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Game AnimalsMuscle, liver, and thyroid samples were collected from 11 mule deer, nine pronghorn, and one elk, which had been accidentally killed on INEEL roads. There was detectable 137Cs radioactivity in the liver of one elk; the liver, muscle and thyroid of one mule deer; and the liver and muscle of three different pronghorn taken on or near the INEEL (Table 6-4). No other radionuclides were detected.
In 1998 and 1999, four pronghorn, five elk, and eight mule deer muscle samples were collected as background samples from hunters across the Western United States: three fromcentral Idaho; three from Wyoming; three from Montana; four from Utah; and one each from New Mexico, Colorado, Nevada, and Oregon. Each background sample had small, but detectable, 137Cs concentrations in their muscle ranging from (1.5 ± 0.2) x 10-3 to (200 ± 200) x 10 -3 pCi/g. Muscle results from animals sampled in 2002 are within this range, from (3.0 ± 2.9) x 10-3 to (13 ± 9.8) x 10-3 pCi/g. The 2002 values are also within the range of historical values. The highest value for 137Cs was recorded in the liver of a mule deer at (10.5 ± 3.4) x 10-3 pCi/g collected on the INEEL near CFA. These values can be attributed to the ingestion of radionuclides in plants from worldwide fallout associated with aboveground nuclear weapons testing. No 131I was detected in any of the thyroid glands.
Marmots are hunted and consumed by the Shoshone-Bannock Tribes. During 2002, three marmots were collected from the RWMC and two from the Pocatello Zoo, which was used as the control area. Muscle, viscera, and hair-skin/bone samples were collected from each and analyzed for americium-241 (241Am), plutonium-238 (238Pu), plutonium-239/240 (239/240Pu), 90Sr, and gamma-emitting radionuclides.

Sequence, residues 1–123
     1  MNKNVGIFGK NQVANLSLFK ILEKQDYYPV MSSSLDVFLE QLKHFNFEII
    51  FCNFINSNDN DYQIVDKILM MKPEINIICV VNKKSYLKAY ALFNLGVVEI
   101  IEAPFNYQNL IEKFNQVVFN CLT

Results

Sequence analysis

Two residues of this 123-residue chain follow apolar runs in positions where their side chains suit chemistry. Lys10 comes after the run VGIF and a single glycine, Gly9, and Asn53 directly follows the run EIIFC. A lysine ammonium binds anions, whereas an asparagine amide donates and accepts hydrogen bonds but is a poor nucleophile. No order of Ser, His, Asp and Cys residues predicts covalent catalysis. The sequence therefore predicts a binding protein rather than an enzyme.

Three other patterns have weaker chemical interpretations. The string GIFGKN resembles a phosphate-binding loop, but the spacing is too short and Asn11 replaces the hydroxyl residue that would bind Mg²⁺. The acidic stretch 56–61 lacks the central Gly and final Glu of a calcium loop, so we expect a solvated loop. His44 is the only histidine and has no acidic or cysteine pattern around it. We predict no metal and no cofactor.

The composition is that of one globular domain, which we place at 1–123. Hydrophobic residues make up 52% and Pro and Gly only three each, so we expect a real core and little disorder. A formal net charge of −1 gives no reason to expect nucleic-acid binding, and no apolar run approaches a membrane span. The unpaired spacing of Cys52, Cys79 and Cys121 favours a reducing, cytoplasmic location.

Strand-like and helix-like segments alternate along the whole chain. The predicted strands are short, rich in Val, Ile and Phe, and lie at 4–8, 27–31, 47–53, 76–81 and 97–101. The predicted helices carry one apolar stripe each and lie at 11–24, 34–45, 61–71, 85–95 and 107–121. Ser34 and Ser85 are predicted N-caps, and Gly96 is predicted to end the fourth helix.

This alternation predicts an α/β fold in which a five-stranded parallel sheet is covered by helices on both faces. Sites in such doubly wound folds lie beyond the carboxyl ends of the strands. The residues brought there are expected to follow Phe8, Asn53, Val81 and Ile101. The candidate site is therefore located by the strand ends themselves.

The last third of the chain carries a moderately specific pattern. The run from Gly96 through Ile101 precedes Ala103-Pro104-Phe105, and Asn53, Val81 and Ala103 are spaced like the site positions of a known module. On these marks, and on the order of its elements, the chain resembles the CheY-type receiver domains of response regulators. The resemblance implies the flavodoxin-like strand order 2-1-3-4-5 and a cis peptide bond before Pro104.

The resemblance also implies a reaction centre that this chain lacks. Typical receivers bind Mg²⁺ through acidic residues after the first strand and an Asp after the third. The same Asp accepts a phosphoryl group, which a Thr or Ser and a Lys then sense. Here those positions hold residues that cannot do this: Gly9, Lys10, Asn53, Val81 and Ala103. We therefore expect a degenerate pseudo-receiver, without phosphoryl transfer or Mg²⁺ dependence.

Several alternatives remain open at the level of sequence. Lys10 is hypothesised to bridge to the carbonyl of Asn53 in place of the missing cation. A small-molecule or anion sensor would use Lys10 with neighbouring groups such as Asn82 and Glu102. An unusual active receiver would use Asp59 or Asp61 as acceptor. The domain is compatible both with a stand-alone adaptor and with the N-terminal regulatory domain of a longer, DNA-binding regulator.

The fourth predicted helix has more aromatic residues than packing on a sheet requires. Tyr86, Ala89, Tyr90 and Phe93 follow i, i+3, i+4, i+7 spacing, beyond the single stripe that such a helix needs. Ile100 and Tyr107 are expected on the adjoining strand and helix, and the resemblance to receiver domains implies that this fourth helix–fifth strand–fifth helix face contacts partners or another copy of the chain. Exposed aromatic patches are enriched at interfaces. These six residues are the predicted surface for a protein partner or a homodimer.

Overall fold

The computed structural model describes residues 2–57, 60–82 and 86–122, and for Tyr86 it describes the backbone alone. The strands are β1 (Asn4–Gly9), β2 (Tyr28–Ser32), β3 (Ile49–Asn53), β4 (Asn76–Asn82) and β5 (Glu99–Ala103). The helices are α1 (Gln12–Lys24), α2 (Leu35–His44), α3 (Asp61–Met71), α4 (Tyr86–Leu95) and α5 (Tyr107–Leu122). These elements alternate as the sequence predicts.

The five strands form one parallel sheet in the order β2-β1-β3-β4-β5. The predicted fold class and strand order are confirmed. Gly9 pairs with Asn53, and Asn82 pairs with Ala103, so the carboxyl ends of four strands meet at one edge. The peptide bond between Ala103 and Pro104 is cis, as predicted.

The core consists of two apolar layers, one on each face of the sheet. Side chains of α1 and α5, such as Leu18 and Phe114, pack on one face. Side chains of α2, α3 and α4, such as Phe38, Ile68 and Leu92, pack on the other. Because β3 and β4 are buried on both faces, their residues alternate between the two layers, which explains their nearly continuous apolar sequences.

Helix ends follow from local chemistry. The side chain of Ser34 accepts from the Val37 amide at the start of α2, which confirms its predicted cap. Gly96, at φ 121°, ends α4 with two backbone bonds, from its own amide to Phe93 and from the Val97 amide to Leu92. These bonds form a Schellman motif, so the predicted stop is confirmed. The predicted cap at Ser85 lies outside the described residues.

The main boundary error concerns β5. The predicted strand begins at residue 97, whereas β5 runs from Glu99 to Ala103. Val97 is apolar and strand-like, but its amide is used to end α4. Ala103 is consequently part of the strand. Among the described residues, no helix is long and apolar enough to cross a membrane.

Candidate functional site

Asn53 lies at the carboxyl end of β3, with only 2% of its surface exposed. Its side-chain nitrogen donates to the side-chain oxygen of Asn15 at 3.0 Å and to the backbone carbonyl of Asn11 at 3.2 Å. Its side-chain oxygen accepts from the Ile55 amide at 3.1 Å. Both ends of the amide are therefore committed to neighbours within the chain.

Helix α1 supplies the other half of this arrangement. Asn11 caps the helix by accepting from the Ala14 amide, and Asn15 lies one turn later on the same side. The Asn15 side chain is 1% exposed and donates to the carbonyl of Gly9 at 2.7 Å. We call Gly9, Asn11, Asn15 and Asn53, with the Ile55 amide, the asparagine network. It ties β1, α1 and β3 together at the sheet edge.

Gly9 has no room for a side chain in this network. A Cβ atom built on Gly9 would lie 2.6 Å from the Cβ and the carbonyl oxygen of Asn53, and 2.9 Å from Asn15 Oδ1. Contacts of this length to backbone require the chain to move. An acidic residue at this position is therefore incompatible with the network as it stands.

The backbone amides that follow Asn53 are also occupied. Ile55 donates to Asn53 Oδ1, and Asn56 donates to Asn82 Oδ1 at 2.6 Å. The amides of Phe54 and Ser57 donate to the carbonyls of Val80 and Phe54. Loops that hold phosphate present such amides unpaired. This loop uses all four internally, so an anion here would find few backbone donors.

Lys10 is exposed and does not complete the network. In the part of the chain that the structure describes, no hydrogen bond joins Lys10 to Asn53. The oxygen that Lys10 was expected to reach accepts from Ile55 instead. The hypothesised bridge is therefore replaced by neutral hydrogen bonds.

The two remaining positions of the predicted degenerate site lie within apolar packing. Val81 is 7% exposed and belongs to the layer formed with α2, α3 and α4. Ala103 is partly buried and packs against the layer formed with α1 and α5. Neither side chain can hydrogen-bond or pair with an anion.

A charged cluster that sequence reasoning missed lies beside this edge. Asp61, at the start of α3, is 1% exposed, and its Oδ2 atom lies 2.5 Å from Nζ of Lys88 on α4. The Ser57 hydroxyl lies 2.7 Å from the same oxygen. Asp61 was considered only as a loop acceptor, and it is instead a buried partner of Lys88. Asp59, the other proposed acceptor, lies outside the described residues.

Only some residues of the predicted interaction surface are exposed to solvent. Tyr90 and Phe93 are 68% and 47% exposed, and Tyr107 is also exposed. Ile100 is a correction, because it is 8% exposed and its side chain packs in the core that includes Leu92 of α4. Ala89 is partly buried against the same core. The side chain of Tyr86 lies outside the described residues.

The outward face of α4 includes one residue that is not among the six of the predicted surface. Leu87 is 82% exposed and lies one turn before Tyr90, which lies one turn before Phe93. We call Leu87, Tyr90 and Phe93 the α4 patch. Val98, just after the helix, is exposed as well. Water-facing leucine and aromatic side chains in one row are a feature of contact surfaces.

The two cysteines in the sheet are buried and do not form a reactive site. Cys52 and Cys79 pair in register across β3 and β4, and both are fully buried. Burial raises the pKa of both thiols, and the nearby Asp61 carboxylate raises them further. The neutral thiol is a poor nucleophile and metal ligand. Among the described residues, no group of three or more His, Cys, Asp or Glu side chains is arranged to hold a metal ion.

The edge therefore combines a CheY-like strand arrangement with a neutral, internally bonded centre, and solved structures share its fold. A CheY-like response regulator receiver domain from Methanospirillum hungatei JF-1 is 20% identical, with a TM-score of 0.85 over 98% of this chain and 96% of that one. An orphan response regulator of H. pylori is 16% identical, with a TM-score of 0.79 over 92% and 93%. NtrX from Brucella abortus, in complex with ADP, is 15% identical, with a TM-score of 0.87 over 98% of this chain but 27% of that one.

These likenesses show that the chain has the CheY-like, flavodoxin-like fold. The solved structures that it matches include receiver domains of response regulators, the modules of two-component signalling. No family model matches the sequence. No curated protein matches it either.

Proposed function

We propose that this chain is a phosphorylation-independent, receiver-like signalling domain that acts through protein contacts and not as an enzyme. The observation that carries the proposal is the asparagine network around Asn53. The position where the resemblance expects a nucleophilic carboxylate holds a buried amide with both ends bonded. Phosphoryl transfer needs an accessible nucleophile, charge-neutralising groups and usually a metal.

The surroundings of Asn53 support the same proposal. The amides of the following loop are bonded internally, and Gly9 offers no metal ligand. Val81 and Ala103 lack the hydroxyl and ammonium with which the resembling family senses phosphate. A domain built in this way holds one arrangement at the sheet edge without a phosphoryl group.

All analytes were below detectable levels in all tissues from control animals (Table 6-5). This compares to data from control marmot samples collected in 2000 (three animals) in which no detections were made (DOE-ID 2002). There were also no detections of anthropogenic radionuclides in the three animals collected from the RWMC in 2000 (DOE-ID 2002).
One marmot collected from the RWMC contained low levels of 137Cs in all three tissue-types (Table 6-5). The 137Cs concentrations were about an order of magnitude higher than those detected in marmots collected around the RWMC in 1998 (DOE-ID 2000). This individual was captured in a trap location near the Subsurface Disposal Area (SDA) and Pit 9, which may explain the detection of 137Cs in this sample as compared to no detections in 1998 (DOE-ID 2000). However, the 137Cs concentrations observed in this animal are below those observed in other wildlife species collected previously at the SDA as well as in control animals collected for that study (Arthur and Janke 1986).
A second marmot had 90Sr detected in the muscle and hair-skin/bone tissues (Table 6-5). Before being taken as a sample, this animal had been captured in Pit 9 as well as outside the SDA on the south side indicating it traversed the SDA. Again, this concentration was well below 90Sr levels detected in animals in previous studies at the SDA (Arthur and Janke 1986). Potential dose from consuming these marmots is discussed in Chapter 7.
Eleven ducks were collected during 2002: two control samples from Heise and Mud Lake, three from the Test Reactor Area (TRA) Northeast Cold Pond, and four from Test Area North (TAN). Samples of the exterior, edible portions, and the remainder (33 samples total plus three duplicates) of all these waterfowl were analyzed for gamma-emitting radionuclides with a subset analyzed for 90Sr, 241Am, 238Pu, and 239/240Pu. All 11 ducks had positive detections for one or more radionuclides in at least one tissue. Total radionuclide concentrations for those samples are summarized in Table 6-6. The potential dose from consuming these ducks is discussed in Chapter 7.
No mourning doves were collected in 2002.